In 2019, the World Wildlife Fund (WWF) estimated that 600,000 tons of plastic waste are dumped annually in the Mediterranean. Tunisia ranks in the top nine biggest polluters, contributing10,000 tons each year, Business Insider France reported. These alarming numbers as well as the ongoing debate gave way to the emergence of several national civil society organizations (CSOs) which adopted an environmentalist mission aiming to raise awareness about the severity of the crisis and to mobilize citizens to participate in curbing the harmful impact of this plague. While Tunisian national and local authorities often turn a blind eye to this issue, grassroot initiatives and organizations team up to implement joint projects and campaigns. Oceanis is one CSO that set out to warn about the urgency and importance of protecting the marine environment in Tunisia.
Launched in 2020, this national initiative has organized around 45 cleaning campaigns covering several areas mainly in the northern and southern suburbs of Tunis and on the island of Djerba. Collected waste has included plastic trash (bottles, bags, straws, food packaging etc.), fishing nets, glass bottles, cans and even construction waste. The estimated amount of non-recyclable waste collected by Oceanis members and volunteers was 80,000 cubic liters in 2020. In the same year, recyclable waste collected amounted to 20,000 cubic liters and all of it was recycled following the field campaigns. Between June 2020 and June 2021, some 1,200 volunteers joined these campaigns including German, French, American, Japanese, Algerian and Moldovan residents in Tunisia. 8% of participants were children. As far as the impact of the cleaning campaigns is concerned, the immediate effect on the cleaned areas is sometimes short-lived as waste tends to accumulate again, especially in places that attract visitors from outside the area. In the long-term, however, concerned municipalities have started to show more commitment, organizing regular cleaning campaigns themselves. In explaining this reaction, Oceanis members reported that their efforts almost highlighted the failure of the municipalities to handle the responsibility of cleaning the beaches and preventing more damage. Remarkable impact is also being achieved on social media platforms where the outreach of the content featuring the cleaning campaigns is widespread. Through these networks, the organization seeks to reach as many screens as possible and to sensitize its audience to the severity of the issue. In addition to bypassers who spontaneously join cleaning campaigns in the field, hundreds of volunteers have become involved as a result of Facebook events and publications.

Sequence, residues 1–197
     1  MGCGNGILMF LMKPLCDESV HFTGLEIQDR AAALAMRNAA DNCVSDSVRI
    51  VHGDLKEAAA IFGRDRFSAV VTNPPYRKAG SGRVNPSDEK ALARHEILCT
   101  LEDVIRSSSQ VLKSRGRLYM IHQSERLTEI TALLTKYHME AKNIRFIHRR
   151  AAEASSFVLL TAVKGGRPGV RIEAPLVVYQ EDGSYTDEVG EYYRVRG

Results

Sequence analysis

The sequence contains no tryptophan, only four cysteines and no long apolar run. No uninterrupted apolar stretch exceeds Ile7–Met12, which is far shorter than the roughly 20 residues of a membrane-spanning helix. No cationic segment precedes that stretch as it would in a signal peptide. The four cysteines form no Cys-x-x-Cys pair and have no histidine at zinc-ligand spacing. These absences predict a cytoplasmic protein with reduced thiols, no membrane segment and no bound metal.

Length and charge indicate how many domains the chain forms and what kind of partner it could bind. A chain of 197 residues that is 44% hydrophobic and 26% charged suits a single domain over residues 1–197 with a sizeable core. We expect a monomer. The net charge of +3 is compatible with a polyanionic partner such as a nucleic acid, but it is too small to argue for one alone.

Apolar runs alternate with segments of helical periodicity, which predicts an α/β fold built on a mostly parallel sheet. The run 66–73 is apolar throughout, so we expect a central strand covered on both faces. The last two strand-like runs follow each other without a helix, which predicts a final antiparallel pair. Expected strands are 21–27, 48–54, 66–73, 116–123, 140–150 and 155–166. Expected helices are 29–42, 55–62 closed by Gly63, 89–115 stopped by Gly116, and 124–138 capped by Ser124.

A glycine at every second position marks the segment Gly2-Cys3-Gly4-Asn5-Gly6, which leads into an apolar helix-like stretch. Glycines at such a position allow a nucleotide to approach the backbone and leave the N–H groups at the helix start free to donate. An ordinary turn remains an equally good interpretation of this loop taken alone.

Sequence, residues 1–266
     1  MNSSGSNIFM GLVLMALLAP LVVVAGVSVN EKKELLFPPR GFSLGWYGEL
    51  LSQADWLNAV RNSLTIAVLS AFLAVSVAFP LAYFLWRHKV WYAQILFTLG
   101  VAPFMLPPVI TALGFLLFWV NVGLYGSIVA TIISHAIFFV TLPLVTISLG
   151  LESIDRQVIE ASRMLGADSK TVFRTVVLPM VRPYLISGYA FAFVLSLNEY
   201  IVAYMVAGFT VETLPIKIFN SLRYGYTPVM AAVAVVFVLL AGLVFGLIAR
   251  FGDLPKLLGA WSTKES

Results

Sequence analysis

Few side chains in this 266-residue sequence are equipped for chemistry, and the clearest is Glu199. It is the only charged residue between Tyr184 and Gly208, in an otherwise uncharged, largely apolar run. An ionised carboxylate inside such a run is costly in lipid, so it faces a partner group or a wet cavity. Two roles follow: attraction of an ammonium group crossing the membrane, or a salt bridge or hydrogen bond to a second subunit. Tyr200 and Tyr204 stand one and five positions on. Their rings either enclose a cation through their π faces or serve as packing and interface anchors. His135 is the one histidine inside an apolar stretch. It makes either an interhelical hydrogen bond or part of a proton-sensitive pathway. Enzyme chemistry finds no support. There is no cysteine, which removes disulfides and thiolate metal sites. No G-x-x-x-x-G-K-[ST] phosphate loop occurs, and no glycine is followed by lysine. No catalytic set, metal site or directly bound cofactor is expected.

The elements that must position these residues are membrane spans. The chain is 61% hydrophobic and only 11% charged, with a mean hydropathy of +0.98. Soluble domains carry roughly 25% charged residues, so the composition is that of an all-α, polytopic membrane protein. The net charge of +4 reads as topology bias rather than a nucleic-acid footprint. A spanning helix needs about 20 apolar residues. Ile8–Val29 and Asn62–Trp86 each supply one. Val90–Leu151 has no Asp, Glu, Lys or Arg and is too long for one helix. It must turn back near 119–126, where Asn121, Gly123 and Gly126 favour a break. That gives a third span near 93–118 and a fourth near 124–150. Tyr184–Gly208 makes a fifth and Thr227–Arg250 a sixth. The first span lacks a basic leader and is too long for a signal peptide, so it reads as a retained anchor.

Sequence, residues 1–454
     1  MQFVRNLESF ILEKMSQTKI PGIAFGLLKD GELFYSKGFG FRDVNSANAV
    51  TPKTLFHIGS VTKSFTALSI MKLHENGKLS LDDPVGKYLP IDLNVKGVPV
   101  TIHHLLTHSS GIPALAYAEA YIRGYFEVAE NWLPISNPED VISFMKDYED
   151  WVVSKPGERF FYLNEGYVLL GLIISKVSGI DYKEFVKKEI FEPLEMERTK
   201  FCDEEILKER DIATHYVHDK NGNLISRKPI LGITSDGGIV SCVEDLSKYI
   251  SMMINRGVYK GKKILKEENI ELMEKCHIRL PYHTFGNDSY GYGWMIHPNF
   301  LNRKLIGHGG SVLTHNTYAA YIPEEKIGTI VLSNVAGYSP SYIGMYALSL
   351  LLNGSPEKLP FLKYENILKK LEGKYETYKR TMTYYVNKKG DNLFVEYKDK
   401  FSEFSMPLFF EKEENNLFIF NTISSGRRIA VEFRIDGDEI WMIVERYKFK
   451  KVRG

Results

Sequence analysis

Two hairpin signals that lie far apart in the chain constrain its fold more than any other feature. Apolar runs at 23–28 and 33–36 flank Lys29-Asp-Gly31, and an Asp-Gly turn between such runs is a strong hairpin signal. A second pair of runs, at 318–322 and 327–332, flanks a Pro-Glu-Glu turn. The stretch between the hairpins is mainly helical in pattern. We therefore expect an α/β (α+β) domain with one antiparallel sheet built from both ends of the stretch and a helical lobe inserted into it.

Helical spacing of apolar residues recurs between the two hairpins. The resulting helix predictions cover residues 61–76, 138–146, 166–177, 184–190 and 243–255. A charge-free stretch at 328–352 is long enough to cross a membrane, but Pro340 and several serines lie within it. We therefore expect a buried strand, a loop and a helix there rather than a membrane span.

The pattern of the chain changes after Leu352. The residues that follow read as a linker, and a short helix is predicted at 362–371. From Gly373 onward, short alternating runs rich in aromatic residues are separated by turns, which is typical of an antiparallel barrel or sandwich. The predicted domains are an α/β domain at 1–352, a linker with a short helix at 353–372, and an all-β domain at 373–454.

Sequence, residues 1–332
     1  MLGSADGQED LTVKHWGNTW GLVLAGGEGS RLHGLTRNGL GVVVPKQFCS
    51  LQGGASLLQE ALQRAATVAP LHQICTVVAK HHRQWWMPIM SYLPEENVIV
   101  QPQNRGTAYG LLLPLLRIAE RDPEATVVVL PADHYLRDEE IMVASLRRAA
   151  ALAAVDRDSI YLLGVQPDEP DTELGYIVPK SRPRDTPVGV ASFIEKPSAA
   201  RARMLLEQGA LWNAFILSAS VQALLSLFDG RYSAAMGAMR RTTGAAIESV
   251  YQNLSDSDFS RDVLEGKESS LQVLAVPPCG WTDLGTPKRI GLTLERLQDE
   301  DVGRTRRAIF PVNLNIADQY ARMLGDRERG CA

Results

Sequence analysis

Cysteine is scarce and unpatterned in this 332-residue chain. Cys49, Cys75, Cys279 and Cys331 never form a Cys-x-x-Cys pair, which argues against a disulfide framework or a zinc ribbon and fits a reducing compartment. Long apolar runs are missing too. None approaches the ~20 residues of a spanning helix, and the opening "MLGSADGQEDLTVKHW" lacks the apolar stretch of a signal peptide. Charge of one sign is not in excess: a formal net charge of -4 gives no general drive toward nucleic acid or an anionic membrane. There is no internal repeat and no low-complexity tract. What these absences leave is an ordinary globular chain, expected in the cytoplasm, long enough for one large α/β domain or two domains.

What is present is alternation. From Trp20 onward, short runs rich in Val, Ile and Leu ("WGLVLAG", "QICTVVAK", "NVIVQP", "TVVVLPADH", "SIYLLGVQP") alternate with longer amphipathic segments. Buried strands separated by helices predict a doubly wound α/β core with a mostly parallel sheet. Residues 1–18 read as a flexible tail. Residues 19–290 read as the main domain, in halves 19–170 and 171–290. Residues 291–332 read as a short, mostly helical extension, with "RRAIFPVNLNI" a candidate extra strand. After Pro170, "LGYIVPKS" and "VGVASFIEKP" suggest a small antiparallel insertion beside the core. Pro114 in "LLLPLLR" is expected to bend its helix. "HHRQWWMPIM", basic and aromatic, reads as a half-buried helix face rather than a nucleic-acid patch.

Besides Oceanis, several other national organizations have invested tremendous efforts in marine conservation. Notre Grand Bleu is another CSO based in the governorate of Monastir which focuses on the island of Kuriat. In a 2021 documentary entitled ‘Ghazwa’, the CSO reported that marine pollution at the coasts of Monastir does not only consist in consumer product waste, but even includes plastic fishing gear. On their underwater expeditions, the CSO team members found an estimated 250,000 plastic fishing traps left behind at the bottom of the sea when they were no longer useful. The presence of this gear in the habitat of marine creatures represents a great danger for marine biodiversity as sea animals are killed off over the years, a phenomenon known as ‘ghost fishing’. It is indisputable that the marine environment and biodiversity in Tunisia face a multifaceted threat. For this reason, civil society organizations that focus on marine protection have created a network of individuals and associations whose work is centered around this common mission. A distinct spirit of collaboration characterizes this network within which joint action plans, projects and initiatives are designed and implemented. In this context, Oceanis teamed up with Tunisie Recyclage, a CSO working on recycling, to organize several cleaning campaigns after which all recyclable waste was reprocessed. The number of Tunisians who show interest in consolidating the work of environmentalist civil society is slowly growing, and so is their awareness about their roles both as individuals and in a group context. On the other hand, the role of the national and local authorities with regard to public outreach and organizing structured cleaning initiatives and sustainable waste management still does not match the gravity of marine pollution. Municipalities usually settle for picking up the waste after each CSO-organized field campaign, sometimes providing large plastic bags—yet another major pollutant—for these activities.
Although the efforts of civil society organizations have ushered in clear improvements, a higher level of environmental intervention must be achieved within the framework of a national action plan. This can be realized through establishing local, tight-knit recycling systems and introducing laws that regulate waste management. In the longer term, one sustainable solution would be to implement civic education programs in primary schools, which will incite pupils from a younger age to adopt the mindset of environmental conservation and protection. Children would be brought up to acknowledge their role as citizens who can contribute individually or in groups to achieving collective goals. Future Tunisian citizens can thus become active participants rather than mere consumers. Such a strategy might curb the effects of the marine environment’s degradation. It might also help prevent the extinction of marine species that are gradually being replaced by plastic bags drifting in the sea.